Oh, and there is a cure for Diabetes, right now, a Plant growing in the Amazon called the Banisteriopsis caapi vine, which contains the chemical Harmine that has been clinically proven to regrow pancreatic beta cells.  But because the vine can be brewed to make the hallucinogen Ayahausca, it's illegal to bring into the US or do clinical trials with.  I wonder how much Novo Nordisk has to shell out each year to maintain that state of affairs
 
2017-12-06 11:48:20 AM  

linuxbox9: As someone who has lost 120 lbs and gained 95 lbs in the span of two years (in a roller coaster fashion), I can honestly say that the diet in the article is total crap in the real world.  Real, sustained weight loss requires steady, but NOT extreme, changes in what and how much you eat.  In the past, I've been able to lose 50-60 lbs in 6 months (1-4 lbs a week) and it isn't hard because I allow myself 1600-1800 calories a day.  Eating the right foods with the right nutrients satisfies our bodies needs and you won't feel hungry.

That all said, it is damn hard to break old habits that have been set in stone through 20 years not paying attention.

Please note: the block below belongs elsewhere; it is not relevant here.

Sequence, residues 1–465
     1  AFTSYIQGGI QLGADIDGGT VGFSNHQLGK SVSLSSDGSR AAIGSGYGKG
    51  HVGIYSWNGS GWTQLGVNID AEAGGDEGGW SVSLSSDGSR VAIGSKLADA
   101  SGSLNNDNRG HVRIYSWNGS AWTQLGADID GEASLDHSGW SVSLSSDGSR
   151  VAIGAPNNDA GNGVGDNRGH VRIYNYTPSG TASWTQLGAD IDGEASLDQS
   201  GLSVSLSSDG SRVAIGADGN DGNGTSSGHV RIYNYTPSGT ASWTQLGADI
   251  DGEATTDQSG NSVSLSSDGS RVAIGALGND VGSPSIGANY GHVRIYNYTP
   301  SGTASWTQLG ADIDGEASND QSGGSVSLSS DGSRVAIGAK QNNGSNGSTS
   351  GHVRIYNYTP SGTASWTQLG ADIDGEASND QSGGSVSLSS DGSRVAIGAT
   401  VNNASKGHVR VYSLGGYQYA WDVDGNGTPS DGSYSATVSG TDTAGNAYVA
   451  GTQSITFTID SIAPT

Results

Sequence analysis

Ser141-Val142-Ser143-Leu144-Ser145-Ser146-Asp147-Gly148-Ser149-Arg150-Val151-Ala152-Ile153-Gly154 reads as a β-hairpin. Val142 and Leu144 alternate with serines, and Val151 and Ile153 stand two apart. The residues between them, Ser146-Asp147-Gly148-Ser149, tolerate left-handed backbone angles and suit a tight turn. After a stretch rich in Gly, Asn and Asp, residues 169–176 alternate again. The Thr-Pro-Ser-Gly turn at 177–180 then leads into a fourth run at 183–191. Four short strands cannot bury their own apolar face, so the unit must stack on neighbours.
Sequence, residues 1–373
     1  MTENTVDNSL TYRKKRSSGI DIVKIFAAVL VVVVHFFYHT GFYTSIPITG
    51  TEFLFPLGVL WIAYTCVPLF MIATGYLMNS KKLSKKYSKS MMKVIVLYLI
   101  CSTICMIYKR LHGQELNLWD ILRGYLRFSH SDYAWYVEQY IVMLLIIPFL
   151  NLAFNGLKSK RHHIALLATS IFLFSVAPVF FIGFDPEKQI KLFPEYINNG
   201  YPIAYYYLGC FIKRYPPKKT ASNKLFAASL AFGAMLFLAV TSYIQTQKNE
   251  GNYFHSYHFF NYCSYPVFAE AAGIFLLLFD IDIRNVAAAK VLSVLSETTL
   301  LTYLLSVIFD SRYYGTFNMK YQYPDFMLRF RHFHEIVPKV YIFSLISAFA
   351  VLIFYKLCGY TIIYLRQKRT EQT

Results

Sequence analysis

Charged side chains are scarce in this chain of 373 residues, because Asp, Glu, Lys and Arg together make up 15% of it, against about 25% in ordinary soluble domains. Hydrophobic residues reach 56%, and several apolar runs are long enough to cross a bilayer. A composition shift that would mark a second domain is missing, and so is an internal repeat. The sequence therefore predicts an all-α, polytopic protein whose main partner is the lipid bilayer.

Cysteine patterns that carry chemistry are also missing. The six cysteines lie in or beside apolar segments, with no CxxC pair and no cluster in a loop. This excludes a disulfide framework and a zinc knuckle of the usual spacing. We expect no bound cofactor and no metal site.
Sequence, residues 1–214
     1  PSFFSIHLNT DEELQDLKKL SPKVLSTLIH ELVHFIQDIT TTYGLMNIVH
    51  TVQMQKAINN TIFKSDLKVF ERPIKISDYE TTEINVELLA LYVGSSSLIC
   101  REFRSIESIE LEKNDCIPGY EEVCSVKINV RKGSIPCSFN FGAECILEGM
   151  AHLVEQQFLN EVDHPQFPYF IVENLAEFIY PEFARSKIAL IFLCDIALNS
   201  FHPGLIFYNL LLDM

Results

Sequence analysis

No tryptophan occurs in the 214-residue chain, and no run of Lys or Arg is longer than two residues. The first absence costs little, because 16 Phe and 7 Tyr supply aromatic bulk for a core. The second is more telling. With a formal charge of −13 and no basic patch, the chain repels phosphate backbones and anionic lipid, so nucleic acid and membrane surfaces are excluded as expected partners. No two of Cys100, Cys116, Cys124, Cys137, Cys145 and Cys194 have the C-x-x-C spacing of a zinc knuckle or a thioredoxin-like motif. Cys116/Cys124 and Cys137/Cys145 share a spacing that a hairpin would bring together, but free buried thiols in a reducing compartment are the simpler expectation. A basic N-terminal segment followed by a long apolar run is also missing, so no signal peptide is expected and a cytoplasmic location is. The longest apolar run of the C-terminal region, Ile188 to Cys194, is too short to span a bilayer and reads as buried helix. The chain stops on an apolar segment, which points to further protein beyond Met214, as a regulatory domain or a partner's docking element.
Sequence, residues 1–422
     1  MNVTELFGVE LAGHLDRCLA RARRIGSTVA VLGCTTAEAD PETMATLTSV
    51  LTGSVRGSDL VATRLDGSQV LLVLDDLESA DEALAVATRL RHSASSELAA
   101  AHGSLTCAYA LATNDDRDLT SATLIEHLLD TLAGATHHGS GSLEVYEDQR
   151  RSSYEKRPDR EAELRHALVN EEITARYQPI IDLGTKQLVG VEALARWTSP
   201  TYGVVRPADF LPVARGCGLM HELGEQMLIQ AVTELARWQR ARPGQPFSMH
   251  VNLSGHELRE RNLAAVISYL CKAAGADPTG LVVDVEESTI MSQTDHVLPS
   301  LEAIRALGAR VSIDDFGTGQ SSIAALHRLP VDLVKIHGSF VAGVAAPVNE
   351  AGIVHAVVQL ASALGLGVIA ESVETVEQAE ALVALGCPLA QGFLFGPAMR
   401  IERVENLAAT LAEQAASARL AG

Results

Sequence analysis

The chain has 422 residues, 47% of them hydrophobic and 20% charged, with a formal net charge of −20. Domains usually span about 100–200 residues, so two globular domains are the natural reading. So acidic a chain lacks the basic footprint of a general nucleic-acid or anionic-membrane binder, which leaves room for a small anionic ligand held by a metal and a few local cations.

Except the extreme diet is not about weight loss, it's about inducing a significant change in your metabolism that reverses type 2 diabetes. The follow-up, to maintain good health is a different thing. Simply losing weight under a good sane program of improved diet and excercise will not necessarily shock your metabolism enough to reverse the early symptoms of type 2 diabetes. The metabolism shock results are about 15 years old and work. The follow-up is a secondary challenge of equal significance.
 
2017-12-06 11:49:12 AM  

Magorn: Oh, and there is a cure for Diabetes, right now, a Plant growing in the Amazon called the Banisteriopsis caapi vine, which contains the chemical Harmine that has been clinically proven to regrow pancreatic beta cells.  But because the vine can be brewed to make the hallucinogen Ayahausca, it's illegal to bring into the US or do clinical trials with.  I wonder how much Novo Nordisk has to shell out each year to maintain that state of affairs